NT fracking debate heats up as campaigners launch ads
Pro- and anti-fracking groups have rolled out new television commercials to try and sway voters ahead of the Northern Territory election.
- Fracking groups from both sides release advertisements ahead of NT election
- Hopes from each group to sway voters
- Labor and CLP each hold opposing policy positions
The debate around hydraulic fracturing (fracking) in the NT is shaping up to be a key issue ahead of the August 27 election, with the CLP and Labor holding markedly different policy positions.
The Lock the Gate Alliance has created an advertisement that urges people to vote for a “frack-free NT” this election.
The advertisement features local Territorians who work as fishermen, on cattle stations, and in tourism, arguing fracking would ruin the environment and their livelihoods.
The advertisement’s coordinator, Naomi Hogan, said she hoped it prompted politicians to consider changing their policies on fracking.
“I think politicians are having to listen to community concerns … a shale gas field needs thousands of wells and uses a lot of water,” Ms Hogan said.
“If we were to see gas fields develop it would lead to thousands of truck movements, thousands of tonnes of chemicals being used and wells going through the land which would really change the iconic landscape and would potentially lead to water pollution and contamination,” she said.
The owner of the Mataranka Homestead, Deb Moore, is featured in the ad and said the Territory’s iconic Mataranka Hot Springs were surrounded by land that had had fracking exploration licences approved.
She said this would ruin the area.
“I just can’t believe that they would even contemplate fracking with how it’s devastated Queensland and some places in New South Wales,” Ms Moore said.
“We have thousands of people at our place every night and talking to them the tourists say they won’t even come to the Territory if there are well fields everywhere and gas fields everywhere.”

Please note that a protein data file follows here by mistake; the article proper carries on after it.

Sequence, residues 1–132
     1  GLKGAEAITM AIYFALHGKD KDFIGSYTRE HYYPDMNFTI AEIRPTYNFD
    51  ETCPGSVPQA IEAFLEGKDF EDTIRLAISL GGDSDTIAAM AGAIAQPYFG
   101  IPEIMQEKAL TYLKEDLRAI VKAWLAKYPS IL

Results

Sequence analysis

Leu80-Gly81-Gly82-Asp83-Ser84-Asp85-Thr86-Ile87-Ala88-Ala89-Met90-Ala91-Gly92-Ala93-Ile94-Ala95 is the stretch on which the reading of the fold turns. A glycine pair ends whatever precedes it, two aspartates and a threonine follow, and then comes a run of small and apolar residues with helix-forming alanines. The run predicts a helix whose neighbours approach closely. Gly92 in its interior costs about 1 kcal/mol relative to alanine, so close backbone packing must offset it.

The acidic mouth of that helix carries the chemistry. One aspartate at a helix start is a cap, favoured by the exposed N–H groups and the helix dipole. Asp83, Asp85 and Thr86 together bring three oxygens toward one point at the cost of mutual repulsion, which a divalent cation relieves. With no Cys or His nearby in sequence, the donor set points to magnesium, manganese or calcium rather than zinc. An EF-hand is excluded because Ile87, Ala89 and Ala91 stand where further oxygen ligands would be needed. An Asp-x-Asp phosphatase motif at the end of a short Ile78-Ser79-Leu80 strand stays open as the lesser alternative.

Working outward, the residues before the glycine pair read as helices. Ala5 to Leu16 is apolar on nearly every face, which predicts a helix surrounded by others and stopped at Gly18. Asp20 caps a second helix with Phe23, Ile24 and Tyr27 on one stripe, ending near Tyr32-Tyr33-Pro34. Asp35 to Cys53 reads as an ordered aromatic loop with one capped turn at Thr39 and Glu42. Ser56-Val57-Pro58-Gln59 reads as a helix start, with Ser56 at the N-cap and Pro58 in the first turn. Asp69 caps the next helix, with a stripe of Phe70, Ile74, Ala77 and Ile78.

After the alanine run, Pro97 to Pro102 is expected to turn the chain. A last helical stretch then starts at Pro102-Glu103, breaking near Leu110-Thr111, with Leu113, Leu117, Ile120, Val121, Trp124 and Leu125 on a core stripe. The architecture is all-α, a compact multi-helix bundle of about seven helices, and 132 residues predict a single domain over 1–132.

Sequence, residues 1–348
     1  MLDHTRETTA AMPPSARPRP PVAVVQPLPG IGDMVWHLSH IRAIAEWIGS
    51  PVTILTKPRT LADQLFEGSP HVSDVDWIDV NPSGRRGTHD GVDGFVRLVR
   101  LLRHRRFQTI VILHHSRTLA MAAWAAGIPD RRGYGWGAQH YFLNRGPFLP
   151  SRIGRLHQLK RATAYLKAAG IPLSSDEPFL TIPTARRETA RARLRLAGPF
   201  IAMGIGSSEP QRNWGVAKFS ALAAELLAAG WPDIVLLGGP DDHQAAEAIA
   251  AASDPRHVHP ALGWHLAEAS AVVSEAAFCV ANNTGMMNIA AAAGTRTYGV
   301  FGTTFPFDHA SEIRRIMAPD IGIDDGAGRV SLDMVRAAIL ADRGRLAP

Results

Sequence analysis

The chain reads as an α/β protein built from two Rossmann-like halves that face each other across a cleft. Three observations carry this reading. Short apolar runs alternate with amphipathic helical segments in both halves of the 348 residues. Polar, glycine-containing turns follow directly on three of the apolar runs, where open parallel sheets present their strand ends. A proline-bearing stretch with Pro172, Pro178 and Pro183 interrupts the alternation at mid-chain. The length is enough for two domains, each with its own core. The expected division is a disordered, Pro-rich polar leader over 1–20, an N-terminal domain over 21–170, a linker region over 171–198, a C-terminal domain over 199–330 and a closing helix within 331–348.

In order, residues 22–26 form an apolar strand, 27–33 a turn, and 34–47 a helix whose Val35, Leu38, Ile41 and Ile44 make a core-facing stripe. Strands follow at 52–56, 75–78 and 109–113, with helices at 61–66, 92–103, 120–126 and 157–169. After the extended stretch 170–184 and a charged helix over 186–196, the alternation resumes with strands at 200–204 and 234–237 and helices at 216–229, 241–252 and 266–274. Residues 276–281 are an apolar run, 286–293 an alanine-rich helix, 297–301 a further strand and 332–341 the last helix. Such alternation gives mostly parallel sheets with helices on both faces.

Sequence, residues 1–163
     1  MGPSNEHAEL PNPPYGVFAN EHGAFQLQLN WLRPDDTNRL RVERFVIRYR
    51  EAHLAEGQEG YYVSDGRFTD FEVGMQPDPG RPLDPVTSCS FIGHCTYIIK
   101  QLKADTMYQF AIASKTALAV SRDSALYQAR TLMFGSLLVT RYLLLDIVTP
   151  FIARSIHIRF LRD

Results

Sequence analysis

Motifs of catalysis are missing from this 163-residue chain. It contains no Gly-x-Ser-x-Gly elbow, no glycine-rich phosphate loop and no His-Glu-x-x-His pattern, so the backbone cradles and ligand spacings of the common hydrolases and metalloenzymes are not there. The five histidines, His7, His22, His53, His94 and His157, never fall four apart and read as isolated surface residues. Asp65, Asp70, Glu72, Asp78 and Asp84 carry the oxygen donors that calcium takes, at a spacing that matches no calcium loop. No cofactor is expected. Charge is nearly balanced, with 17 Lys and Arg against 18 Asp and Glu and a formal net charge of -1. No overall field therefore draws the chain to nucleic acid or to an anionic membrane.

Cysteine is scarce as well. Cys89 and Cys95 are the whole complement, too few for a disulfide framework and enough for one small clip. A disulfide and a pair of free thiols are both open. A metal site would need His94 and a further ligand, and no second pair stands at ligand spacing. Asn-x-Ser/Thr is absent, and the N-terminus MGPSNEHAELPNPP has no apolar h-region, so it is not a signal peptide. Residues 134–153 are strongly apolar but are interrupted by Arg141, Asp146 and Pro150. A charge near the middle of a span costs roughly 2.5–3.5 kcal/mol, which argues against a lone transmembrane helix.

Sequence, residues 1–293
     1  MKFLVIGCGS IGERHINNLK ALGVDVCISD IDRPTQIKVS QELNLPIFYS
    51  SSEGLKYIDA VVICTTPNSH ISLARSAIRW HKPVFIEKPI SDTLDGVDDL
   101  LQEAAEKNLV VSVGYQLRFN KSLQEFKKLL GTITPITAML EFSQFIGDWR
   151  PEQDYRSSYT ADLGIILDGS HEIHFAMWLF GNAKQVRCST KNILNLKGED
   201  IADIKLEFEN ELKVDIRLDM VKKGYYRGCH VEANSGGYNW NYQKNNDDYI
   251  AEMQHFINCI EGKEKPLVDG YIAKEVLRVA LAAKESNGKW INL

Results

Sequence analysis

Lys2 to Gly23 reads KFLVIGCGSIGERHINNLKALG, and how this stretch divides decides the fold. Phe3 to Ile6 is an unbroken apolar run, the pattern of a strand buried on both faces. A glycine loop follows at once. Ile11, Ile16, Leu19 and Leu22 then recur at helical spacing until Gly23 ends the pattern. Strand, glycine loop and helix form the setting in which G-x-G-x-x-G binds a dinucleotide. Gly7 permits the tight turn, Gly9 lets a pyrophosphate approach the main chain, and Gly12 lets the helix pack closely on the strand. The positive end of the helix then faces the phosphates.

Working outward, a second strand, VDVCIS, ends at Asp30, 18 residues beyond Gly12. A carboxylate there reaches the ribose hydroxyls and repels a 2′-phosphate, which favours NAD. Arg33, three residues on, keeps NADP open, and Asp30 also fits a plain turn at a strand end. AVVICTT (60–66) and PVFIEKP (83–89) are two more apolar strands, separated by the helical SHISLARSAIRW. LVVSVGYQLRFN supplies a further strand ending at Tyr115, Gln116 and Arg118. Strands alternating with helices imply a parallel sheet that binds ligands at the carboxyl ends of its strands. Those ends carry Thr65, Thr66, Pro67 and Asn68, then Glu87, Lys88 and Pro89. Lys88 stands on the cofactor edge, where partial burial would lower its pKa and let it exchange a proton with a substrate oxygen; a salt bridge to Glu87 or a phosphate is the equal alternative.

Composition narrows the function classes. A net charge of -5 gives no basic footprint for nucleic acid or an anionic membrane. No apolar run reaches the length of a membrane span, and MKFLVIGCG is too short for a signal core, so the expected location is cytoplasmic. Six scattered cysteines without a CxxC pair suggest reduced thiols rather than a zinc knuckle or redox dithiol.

Pro-fracking body retaliates with counter advertisement
But the Northern Territory director of the Australian Petroleum Production & Exploration Association (APPEA), Matthew Doman, argued the advertisement was misleading.
“The government policies are clear; tourism areas and residential areas are not able to have our development take place on that land,” Mr Doman said.
“So to make claims that fishing is under threat or tourism is under threat is simply not the case with the development that is being proposed by our industry.”
APPEA has created its own television commercials, which also feature local pastoralists and traditional land owners.
The APPEA ads promote fracking in the Territory, saying it would create jobs and fuel the economy.
“There are benefits that would come from the billions of dollars that’s going to be invested,” Mr Doman said.
“And it’s very important that our activity is respectful of existing land uses and does nothing to negatively impact the environment and certainly not activities like tourism or fishing or pastoral activity.”
The Territory Labor Party has promised a moratorium on the shale gas exploration technique if it is elected to government, while the Country Liberals Party (CLP) says Labor’s move would stop foreign investment and undermine the future of Territorians.
There has only been horizontal fracking in the Northern Territory at two wells in the Georgina Basin in 2014.
If shale gas exploration in the NT is successful, it is expected to generate 100 production wells by 2024.